What was I so cynical about? Was that just a strategy to survive the usual horrors of adolescence? While I wasn’t exactly part of the “popular” clique, I did have my circle of friends and I was always a straight-A student. I was very outgoing in certain safe environments such as French class with Mrs. Snobel or filmmaking class with Mr. Daniels. Gym class was never a picnic, however, because I sucked at team sports. I remember the humiliating ritual of choosing up teams. As the teams formed in the front of the gym, I was always left sitting on the floor until the bitter end and I could see the dread in the team captains’ eyes when they realized they had to take me. It wasn’t that I was particularly uncoordinated, it’s just that I’d had absolutely no childhood experience playing sports and I didn't have a clue. My father grew up without a dad and he had to work from the time he could walk so I’m not sure he ever threw a ball in his life or even touched one. (Oy, I hope he’s not reading this—he’s already so guilt-ridden about some of the choices he made as a young parent that he’s taken to singing Harry Chapin’s “Cat’s in the Cradle” every time we talk about the past.) My friends and I were fairly active in our own geeky ways, going on long bike rides to the Museum of Science & Industry or staging plays in my basement, but not so much with the team sports. In retrospect, I wish I had tried to improve my abilities in gym class instead of suppressing my normally outgoing self and developing a self-mocking persona that makes me cringe when I think about it. I’m sure I still carry some of the trauma felt by that boy sitting on the gym floor waiting to be chosen and knowing he was going to be last.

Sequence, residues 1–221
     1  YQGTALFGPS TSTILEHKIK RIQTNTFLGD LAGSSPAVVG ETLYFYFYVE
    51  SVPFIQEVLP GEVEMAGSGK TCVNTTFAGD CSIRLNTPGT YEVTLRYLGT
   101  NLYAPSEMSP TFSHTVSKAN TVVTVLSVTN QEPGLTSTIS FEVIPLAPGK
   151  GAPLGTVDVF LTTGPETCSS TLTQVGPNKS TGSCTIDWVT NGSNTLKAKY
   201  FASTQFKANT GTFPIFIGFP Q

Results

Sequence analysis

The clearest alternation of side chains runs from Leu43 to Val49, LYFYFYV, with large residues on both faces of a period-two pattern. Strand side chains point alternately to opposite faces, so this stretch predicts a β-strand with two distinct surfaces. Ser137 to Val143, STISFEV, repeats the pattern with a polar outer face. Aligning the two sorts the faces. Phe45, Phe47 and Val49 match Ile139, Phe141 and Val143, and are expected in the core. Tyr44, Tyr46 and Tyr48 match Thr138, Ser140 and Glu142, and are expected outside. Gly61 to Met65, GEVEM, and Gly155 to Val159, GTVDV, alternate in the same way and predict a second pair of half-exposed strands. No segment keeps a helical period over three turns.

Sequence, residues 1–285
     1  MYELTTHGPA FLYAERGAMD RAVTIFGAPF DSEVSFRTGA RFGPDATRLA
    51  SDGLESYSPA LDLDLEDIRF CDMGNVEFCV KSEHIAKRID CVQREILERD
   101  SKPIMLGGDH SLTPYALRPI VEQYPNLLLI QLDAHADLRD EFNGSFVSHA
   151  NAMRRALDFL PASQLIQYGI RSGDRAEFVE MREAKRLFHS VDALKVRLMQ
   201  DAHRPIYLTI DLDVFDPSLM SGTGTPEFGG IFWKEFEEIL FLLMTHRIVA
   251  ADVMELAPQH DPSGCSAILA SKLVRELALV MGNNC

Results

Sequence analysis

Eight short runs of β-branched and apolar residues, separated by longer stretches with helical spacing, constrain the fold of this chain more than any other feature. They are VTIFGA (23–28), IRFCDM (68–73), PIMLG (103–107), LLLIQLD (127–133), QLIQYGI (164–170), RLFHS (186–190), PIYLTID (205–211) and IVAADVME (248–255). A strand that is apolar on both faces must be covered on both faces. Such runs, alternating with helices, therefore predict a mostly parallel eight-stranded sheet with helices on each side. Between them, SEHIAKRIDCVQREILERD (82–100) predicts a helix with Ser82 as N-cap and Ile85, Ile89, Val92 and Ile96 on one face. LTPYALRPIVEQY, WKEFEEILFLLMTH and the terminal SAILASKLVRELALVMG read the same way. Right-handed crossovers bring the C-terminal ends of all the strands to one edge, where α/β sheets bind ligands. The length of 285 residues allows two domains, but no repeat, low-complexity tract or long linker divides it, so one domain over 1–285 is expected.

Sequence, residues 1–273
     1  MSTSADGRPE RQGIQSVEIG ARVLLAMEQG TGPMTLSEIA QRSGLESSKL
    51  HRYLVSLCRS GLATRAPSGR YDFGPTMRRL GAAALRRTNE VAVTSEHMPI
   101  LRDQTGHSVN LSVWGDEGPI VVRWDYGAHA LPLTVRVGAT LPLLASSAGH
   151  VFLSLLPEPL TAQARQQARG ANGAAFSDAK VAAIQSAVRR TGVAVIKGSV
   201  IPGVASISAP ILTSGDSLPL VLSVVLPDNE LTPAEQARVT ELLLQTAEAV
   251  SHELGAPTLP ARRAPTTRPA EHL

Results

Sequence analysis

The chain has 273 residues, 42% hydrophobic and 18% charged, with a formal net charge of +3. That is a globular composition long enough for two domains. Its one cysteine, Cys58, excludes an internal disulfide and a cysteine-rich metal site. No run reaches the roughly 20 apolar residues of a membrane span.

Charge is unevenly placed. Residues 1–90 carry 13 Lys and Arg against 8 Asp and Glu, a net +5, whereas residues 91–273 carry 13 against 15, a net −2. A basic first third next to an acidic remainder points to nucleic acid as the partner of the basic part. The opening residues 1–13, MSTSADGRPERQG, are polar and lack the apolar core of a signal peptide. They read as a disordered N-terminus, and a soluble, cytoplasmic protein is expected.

My co-chairs on the reunion committee, Donna and Susan, were among the most active, athletic, and energetic students in the entire school. They were involved in nearly every available extracurricular activity. I was involved in nothing. Why didn’t I join the writing club at least, or work on the yearbook? I guess I was too busy kvetching about my oh-so-miserable life. And yet, here I am, Mr. Apathy, Mr. Cynic, thrilled about reconnecting with these two women and excited about seeing these people I mostly don’t remember. What makes me so eager to explore these largely forgotten parts of my past? Am I trying to recapture something that I never really had? Is it my attempt to heal some long-dormant wounds? Do I want to touch base with people who knew me during a simpler time? Or am I just looking for new blog material?
I’m curious to see if the unintentional segregation will continue. All of the 1976 Von Steuben graduates were invited to both of our reunions but I can’t remember a single black student showing up. Maybe the former Afro Club members have their own gatherings.